Topper movie trailer - starring Cary Grant, Billie Burke, Eugene Pallette, Roland Young, Hoagy Carmichael, Constance Bennett. Directed by Norman Z. McLeod. Genre: Comedy
Rating: Not Rated
Son Of The Gods movie trailer - starring Frank Albertson, Constance Bennett, Richard Barthelmess, Barbara Leonard, Dorothy Mathews, James Eagles. Genre: Drama
Paddy Chayefsky's satire about a man forced into retirement who exacts revenge by posing as the CEO of the corporation that owns the company.
The producer of a radio crime series commits the perfect crime, then has to put the case on the air.
A dizzy model (Judy Holliday) in love with fame rents a billboard and puts her name on it in It Should Happen to You (1954) co-starring Jack Lemmon.
Greta Garbo's last movie was the screwball comedy Two-Faced Woman (1941) about a woman who pretends to be her own twin sister to win back her straying husband.
Constance Bennett is on the lam from the Law of The Tropics (1941) in this remake of Oil For The Lamps Of China (1935).
Acutely bookish and boring Venice (Constance Bennett) dragged to a party by friend Lola (Astrid Allwyn) hears from jerry (Donald Dilloway) then from hunky Donnie (David Manners) about the scandalized Mrs. Duryea (Merna Kennedy), early in Lady With A Past, 1932.
The whole gang at the tenement, Laura Murdock (Constance Bennett) with Dad, Mom and sister (J. Farrell MacDonald, Clara Blandick, Anita Page), whose handsome boyfriend laundry-man Nick (Clark Gable) drops in, early in The Easiest Way, 1931, directed by Jack Conway.
Lowell Sherman (actor turned director, here playing dissolute director 'Max Carey') outside the Brown Derby, escorting waitress Mary (Constance Bennett) to his premiere, in George Cukor's What Price Hollywood?, 1932.
Brought to Colorado to vacation with her sugar-daddy modeling agency boss, Laura (Constance Bennett) has just met handsome reporter Jack (Robert Montgomery), who will prove a temptation, in MGM's The Easiest Way, 1931.
New York editor Larry (Melvyn Douglas) and his Idaho ski instructor and new wife Karin (Greta Garbo) explaining things to his baffled colleagues (Roland Young, Ruth Gordon), when his forgotten girlfriend Griselda (Constance Bennett) rings, early in Two-Faced Woman, 1941.
A publicity-hungry actress uses a Manhattan billboard to jumpstart her career.
Judy Holliday stars as Gladys Glover, a young woman who wants to make a name for herself, so she rents a billboard on Columbus Circle and advertises her name. When a wealthy soap manufacturer tries to wrestle the billboard away from Gladys he finds himself falling in love with her.
Faced with a career that is stalling out, unemployed actress and model Gladys Glover (Judy Holliday) puts all her money into renting a prominent Manhattan billboard that quickly brings her some much-needed exposure. Wanting the space for his new ad campaign, soap company executive Evan Adams III (Peter Lawford) proposes a trade, giving Gladys more billboard locations for her publicity campaign. Much to the dismay of her boyfriend, documentary filmmaker Pete Sheppard (Jack Lemmon), Gladys' popularity soars under the now-smitten Adams, who helps land the talk show appearances and commercials that make her name a household item. But after Pete bolts in disgust, in the end, Gladys realizes that he is the man she really wants to marry.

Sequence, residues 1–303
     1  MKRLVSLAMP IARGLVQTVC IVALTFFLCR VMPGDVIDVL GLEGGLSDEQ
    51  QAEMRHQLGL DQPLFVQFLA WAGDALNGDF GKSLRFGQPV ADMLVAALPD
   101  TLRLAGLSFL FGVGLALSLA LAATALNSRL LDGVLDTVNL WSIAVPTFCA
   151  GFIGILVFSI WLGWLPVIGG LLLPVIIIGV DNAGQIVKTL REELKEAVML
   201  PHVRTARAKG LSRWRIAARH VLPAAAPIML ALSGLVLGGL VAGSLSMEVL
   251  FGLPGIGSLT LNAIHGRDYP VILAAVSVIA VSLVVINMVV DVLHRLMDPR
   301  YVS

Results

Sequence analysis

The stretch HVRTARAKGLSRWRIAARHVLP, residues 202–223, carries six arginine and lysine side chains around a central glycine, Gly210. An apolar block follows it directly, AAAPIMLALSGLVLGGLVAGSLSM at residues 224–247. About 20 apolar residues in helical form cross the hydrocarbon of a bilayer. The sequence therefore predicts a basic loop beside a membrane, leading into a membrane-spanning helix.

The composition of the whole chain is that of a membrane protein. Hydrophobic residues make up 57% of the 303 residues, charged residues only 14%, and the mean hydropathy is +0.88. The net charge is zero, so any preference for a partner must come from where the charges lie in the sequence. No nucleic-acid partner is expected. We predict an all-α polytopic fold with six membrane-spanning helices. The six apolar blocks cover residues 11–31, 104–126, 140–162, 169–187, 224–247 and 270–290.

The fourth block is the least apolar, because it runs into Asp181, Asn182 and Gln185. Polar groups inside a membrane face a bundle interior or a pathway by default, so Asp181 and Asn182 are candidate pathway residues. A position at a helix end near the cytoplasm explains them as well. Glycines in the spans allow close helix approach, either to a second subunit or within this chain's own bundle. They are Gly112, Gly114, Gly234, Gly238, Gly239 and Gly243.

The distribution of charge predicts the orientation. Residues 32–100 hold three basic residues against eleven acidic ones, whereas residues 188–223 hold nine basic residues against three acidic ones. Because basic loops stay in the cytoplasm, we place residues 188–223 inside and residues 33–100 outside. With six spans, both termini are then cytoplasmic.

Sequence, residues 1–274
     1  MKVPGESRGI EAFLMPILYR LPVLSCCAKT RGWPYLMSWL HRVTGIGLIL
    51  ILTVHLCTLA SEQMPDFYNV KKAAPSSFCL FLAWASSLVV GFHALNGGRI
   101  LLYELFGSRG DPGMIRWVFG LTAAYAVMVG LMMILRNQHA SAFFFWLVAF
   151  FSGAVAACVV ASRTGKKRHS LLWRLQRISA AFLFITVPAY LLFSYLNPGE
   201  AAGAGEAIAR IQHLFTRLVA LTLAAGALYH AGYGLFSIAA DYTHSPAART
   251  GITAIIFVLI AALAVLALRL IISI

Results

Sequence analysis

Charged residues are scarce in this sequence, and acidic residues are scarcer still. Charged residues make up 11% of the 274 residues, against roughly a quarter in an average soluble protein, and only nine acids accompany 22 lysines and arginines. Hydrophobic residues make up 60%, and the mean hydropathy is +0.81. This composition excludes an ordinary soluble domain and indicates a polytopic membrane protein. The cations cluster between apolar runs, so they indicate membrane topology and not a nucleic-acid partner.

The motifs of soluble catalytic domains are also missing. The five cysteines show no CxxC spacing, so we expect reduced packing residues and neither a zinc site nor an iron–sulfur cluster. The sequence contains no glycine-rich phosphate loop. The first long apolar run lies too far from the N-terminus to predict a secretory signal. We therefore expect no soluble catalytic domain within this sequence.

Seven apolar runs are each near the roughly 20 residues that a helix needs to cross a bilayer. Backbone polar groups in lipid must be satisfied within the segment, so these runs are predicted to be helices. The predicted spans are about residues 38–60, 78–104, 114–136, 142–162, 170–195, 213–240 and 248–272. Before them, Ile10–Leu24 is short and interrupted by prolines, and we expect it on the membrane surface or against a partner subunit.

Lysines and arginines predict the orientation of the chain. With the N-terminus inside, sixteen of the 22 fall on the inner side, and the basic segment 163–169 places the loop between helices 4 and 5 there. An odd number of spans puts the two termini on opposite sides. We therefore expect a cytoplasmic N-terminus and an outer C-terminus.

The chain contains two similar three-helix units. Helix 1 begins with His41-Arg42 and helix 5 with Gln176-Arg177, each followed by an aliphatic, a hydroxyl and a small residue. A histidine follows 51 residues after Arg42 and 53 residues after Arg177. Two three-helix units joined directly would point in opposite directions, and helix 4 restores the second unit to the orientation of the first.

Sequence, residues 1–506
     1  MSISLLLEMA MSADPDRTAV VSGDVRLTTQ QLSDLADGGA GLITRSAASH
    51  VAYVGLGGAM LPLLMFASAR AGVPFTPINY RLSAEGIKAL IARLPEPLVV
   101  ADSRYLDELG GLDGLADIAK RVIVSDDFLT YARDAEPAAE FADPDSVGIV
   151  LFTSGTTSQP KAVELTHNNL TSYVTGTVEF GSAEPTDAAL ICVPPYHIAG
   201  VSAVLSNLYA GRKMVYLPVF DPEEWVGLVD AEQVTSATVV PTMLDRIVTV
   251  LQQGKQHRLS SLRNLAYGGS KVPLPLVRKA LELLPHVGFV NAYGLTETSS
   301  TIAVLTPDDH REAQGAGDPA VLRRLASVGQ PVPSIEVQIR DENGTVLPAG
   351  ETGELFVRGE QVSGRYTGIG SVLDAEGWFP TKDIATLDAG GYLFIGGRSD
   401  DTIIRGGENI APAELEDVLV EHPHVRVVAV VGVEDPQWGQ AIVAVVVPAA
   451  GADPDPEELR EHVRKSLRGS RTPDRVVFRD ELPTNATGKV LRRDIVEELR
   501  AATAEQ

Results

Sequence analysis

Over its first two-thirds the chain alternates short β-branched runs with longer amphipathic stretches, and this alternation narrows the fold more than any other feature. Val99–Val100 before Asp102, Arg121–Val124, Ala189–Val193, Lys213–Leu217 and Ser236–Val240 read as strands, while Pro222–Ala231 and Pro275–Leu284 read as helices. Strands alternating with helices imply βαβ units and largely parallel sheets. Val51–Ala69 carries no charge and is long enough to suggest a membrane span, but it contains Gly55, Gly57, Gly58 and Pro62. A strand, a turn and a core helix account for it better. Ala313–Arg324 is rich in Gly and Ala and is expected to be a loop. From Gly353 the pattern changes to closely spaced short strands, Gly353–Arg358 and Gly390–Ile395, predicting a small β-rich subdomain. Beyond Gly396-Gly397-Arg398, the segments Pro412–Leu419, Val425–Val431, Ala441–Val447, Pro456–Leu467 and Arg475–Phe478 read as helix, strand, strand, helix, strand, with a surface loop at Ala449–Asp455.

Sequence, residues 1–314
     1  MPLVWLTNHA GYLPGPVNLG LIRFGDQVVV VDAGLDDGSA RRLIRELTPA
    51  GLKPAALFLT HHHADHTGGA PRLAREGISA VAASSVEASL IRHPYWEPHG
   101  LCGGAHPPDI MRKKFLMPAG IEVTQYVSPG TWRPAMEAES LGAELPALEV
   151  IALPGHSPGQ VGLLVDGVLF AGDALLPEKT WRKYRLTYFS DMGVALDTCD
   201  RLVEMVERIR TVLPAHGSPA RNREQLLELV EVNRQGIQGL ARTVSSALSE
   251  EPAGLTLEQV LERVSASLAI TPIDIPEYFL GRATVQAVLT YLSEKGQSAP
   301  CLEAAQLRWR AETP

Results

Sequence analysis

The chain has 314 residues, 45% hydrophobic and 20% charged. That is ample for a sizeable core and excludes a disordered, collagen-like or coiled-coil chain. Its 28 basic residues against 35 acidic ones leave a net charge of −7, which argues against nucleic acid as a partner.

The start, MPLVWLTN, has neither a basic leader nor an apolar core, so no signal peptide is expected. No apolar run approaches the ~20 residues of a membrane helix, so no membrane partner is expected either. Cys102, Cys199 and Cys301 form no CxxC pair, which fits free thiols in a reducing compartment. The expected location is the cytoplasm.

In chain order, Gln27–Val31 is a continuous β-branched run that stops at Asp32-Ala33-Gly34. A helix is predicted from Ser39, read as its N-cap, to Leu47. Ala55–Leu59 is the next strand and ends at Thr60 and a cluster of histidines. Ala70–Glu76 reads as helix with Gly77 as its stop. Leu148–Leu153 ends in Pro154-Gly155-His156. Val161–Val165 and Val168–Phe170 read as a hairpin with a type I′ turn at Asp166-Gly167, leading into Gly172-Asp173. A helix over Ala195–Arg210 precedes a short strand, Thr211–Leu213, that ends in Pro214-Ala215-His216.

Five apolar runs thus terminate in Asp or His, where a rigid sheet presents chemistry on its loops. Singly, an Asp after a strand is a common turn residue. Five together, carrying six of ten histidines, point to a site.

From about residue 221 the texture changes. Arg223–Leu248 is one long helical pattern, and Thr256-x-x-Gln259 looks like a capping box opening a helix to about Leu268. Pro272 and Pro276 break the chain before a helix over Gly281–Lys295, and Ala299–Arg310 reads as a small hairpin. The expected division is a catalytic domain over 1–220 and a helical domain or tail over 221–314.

When a man (Monty Woolley) is forced to retire at age 65, he’ll do just about anything to beat the system. Dying his hair black, he poses as the president of his former employer’s holding company. Suddenly free to air his views on everything from company policy to national economics, comic craziness ensues when he meets not only the firm’s top executives, but someone equally impressive – a beautiful secretary, played by Marilyn Monroe, in one of her first and funniest roles.
When a hand-Press operator is fired because he has reached 65, he sets out not only to get his job back but to change the company's policy.
When a gentleman (Monty Woolley) is forced to retire at age 65, he'll do just about anything to beat the system. Dying his hair black, he poses as the president of his former employer's holding company. Suddenly free to air his views on everything from company policy to national economics, comic craziness ensues when he meets not only the firm's top executives, but someone equally impressive - a beautiful secretary, played by Marilyn Monroe, in one of her first and funniest roles.
During the German occupation of World War II, an American wife in Paris, Kitty (Topper's Constance Bennett), arranges with her older friend, Emmeline (Gracie Fields), to smuggle a British soldier out of France. Rather than escape themselves, the women establish an underground network in Paris to help people fleeing from Nazi tyranny - but with danger lurking around every corner.
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